Joan Bradley (Jean Muir), a secretary about to meet her boss’ son is confronted by a husband she’d believed dead who shows up at her apartment to blackmail her. He is murdered while she’s in the other room. She runs into the Lone Wolf (Warren William) and his butler sidekick Jamison (Eric Blore). The two try to help the secretary by chivalrously altering the crime scene in a way that makes her look innocent. However, the police catch a mistake and it’s up to the Lone Wolf to find the real murderer or else he and the secretary could go to jail.

Overall, the film is decently executed. The mystery and the supporting characters are adequate. Warren William has a decent turn as the detective, but was not a standout for the era. He lacked the energy he had in some of his earlier films and was not up to the standard of Chester Morris and George Sanders who played similar roles in the Saint and Boston Blackie films. The saving grace of the film was Eric Blore, who made a great comic sidekick. Blore steals every scene he’s in and provides just the right amount of comic relief to the film without becoming annoying as so many comic sidekicks of the era did.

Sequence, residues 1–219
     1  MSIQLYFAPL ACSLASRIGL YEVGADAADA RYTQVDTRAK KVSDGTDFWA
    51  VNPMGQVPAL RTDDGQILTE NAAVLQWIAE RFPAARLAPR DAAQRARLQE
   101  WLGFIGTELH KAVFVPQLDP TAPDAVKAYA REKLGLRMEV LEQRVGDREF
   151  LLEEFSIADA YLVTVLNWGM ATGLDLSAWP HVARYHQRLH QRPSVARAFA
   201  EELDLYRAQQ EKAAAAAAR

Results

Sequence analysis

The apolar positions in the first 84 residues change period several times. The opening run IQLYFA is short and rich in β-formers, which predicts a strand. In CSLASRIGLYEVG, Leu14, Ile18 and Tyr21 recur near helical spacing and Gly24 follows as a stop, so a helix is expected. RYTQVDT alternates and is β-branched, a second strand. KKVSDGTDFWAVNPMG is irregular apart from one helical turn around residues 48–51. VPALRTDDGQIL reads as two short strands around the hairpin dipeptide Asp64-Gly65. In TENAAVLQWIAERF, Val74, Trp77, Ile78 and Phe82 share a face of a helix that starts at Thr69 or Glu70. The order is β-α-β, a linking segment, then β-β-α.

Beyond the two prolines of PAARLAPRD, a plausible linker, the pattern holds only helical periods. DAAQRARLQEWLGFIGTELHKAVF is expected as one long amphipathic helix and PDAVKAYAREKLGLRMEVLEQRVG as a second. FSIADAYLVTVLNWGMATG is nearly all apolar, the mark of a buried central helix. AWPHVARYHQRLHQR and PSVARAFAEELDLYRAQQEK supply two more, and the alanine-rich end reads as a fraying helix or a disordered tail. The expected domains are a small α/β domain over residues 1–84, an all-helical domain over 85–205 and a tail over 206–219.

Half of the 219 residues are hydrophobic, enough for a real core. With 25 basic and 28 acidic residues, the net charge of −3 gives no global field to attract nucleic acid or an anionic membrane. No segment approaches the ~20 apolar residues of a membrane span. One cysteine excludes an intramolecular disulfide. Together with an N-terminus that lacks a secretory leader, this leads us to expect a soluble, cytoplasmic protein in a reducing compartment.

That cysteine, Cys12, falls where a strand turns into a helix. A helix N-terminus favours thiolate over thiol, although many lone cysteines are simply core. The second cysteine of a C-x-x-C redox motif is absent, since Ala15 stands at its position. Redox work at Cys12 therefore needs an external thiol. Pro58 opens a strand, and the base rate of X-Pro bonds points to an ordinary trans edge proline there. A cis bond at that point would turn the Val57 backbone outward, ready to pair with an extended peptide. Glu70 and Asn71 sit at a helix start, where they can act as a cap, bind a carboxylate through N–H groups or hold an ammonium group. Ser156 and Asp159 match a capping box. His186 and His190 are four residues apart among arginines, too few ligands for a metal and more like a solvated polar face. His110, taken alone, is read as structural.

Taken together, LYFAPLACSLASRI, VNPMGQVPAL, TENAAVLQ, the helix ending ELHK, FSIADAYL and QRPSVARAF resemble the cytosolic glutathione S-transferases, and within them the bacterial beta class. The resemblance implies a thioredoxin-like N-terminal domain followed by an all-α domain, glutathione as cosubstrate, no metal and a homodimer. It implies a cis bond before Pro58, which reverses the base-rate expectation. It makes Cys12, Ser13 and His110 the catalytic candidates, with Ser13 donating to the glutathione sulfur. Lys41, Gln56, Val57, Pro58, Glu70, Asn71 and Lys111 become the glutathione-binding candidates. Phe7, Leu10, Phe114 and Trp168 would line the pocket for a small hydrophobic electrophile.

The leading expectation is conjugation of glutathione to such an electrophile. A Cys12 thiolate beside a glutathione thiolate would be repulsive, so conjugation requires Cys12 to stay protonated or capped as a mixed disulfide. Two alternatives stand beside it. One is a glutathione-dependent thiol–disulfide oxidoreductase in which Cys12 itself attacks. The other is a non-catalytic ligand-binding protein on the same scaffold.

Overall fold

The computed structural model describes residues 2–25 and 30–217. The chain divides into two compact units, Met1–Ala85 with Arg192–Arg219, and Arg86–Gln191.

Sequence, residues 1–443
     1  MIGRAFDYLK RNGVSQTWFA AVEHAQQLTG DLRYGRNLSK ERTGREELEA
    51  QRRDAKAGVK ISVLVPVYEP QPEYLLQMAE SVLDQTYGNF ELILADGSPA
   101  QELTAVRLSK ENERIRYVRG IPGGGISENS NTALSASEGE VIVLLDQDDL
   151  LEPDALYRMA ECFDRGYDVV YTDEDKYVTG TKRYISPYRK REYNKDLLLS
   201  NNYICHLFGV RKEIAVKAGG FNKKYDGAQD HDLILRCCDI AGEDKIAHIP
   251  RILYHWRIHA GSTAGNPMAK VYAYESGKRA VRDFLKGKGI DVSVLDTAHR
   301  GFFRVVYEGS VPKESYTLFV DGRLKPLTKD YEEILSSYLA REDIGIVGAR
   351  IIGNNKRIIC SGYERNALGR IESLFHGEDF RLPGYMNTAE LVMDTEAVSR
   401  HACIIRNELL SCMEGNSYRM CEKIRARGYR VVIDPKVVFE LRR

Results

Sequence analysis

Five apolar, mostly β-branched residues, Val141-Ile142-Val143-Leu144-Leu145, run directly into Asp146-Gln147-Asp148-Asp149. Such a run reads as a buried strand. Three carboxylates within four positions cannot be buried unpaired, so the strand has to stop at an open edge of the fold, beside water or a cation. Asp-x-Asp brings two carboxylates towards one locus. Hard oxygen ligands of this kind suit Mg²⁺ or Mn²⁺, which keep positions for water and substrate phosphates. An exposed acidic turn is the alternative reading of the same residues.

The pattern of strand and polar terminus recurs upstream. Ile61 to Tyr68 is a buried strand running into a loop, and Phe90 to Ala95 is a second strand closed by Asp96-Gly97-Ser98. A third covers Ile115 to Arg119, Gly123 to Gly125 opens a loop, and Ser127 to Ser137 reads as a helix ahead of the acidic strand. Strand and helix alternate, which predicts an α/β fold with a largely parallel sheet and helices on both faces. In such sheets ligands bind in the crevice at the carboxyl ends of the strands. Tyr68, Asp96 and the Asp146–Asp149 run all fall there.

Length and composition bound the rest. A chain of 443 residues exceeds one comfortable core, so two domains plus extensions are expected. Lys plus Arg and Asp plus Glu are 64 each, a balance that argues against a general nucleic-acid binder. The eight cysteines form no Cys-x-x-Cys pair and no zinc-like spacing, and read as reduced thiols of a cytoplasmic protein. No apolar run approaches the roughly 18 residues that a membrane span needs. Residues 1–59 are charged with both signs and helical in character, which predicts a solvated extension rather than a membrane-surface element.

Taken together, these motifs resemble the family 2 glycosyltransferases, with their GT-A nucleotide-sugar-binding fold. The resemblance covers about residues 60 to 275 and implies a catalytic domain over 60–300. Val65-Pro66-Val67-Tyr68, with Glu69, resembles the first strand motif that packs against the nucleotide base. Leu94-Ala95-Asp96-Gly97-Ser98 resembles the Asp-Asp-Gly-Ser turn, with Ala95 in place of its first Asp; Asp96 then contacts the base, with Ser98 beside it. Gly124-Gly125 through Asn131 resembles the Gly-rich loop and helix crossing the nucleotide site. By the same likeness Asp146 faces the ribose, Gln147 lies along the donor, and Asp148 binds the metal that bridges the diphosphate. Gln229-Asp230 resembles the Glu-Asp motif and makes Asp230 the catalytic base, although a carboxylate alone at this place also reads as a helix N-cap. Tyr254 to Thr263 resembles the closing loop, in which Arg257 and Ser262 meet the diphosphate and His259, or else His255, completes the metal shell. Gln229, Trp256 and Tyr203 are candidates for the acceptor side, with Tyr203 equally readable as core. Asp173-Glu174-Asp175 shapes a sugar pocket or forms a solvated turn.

The DVD is the definition of no frills: no DVD menu, let alone any extras. As a result, when you put the DVD in, it starts playing automatically. For me, this was a minor annoyance.

Overall, this isn’t a bad mystery, but I only recommend it if you want to see an example of the Lone Wolf in action.

Rating: 3.25 out of 5.0